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Tuesday, November 29, 2022

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Reggae on the River is Up the Creek as High Times Cancels

Humboldt County’s long-running festival could go awry as the company’s parent company blows another of its high-profile sponsored events.

This year it would have been 35th birthday of Reggae on the river, the decades-old live reggae bash in the redwoods that set the standard for annual California outdoor music festivals. Long before there ever was one Coachella, a Outside Countries, or a Lightning in a bottleReggae on the River was the great-grandfather of all festivals, drawing crowds of music lovers north to the Emerald Triangle since 1984 for three frenzied days of live music, ganja and Rastafari vibes.

But Reggae on the River has just hit rock bottom. After deep-rooted investors from High Times Productions bought the rights to operate the festival last year, High Times has abruptly canceled this year’s event – with artists already booked, licensed and ticket sales underway. The move felt like a slap in the face to the fans and the Mateel Community Center for whom the event is an advantage, and leaves Reggae on the River an uncertain future.

You might think of High Times as just a magazine, but it’s become much more since its 2017 $70 million acquisition by a group of investors including Bob Marleyhis son Damian. The company is now a larger conglomerate called High Times Holding Company that has publicly traded shares, a High Times Media arm that aggressively buys up other publications, and a High Times Productions company that owns the nationwide High Times Cannabis Cup events.

Which makes it odd that High Times Productions has now botched three events in California in less than ten months. High Times canceled a Sacramento Cannabis Cup in October 2018 because they didn’t have their license before advertising the event. At a 4/20 SoCal Cannabis Cup this year in San Bernardino, weed sales permits were rejected at the last minute, reducing attendance and forcing card dealers to refund their money.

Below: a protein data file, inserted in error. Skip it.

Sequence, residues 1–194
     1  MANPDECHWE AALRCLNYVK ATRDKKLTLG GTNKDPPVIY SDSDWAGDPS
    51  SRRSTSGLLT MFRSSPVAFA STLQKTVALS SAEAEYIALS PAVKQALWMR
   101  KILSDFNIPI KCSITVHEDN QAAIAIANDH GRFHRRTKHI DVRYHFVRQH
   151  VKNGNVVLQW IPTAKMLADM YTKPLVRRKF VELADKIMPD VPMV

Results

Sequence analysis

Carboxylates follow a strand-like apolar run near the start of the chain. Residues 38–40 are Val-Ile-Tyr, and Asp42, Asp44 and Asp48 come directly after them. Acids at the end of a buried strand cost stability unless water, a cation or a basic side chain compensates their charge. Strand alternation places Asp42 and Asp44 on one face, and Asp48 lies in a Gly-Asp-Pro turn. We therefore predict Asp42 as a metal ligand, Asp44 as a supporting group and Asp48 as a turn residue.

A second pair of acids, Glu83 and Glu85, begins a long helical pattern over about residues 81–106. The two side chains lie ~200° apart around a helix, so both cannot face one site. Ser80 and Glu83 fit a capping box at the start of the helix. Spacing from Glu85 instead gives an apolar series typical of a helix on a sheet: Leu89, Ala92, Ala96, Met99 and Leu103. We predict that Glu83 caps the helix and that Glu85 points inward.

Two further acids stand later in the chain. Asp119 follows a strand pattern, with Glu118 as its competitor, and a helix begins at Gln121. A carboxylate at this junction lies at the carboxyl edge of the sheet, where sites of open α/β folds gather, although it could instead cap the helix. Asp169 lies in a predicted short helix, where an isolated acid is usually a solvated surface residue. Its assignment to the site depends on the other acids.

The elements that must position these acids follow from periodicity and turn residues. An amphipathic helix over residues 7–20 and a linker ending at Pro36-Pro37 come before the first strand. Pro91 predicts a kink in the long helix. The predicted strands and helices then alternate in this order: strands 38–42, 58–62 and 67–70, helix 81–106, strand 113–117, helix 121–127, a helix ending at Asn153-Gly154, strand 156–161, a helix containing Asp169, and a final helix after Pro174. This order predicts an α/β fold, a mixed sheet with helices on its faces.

And now High Times has canceled this year’s Reggae on the River, in just the second year of its six-year sponsorship deal with the festival.

High Times said in a statement: SF Evergreen that “we want to help the Mateel Center bring Reggae on the River back in 2020 and hope to work closely with the local community to keep this great event going.”

That could be difficult, though, as Reggae on the River’s fate could end up in court. The Eureka Times Standard reported immediately after the cancellation that the Mateel Community Center found that High Times had violated their contract.

A spokesperson for the community center said: SF Evergreen that “Mateel’s board of directors is currently reviewing their options regarding the production contract.”

Much to their credit, the Mateel Community Center has just confirmed that they will be hosting a replacement event that weekend called Mateel Forever: Reggae Legacy, with this year’s Reggae on the River headliner still intact. “We will have Toots and the Maytals at the Mateel on Saturday, August 4,” says the spokesperson. (That show will be in a different location than the traditional outdoor venue.)

That spokesperson added that High Times was unable to reverse the festival’s long-term cash losses. “They were concerned that there wasn’t enough local support and ticket sales, and they lost money last year,” she says. “Based on the lack of local support and negative feedback they had received this year, they decided to cancel.”

At its peak in the 1990s, Reggae on the River was a premier festival that drew more than 15,000 to the grasslands of the Humboldt-Mendocino county border, routinely booking superstar reggae acts such as Sly & Robbie, Femi Kuti, Jimmy Cliff, and Bunny. wailer.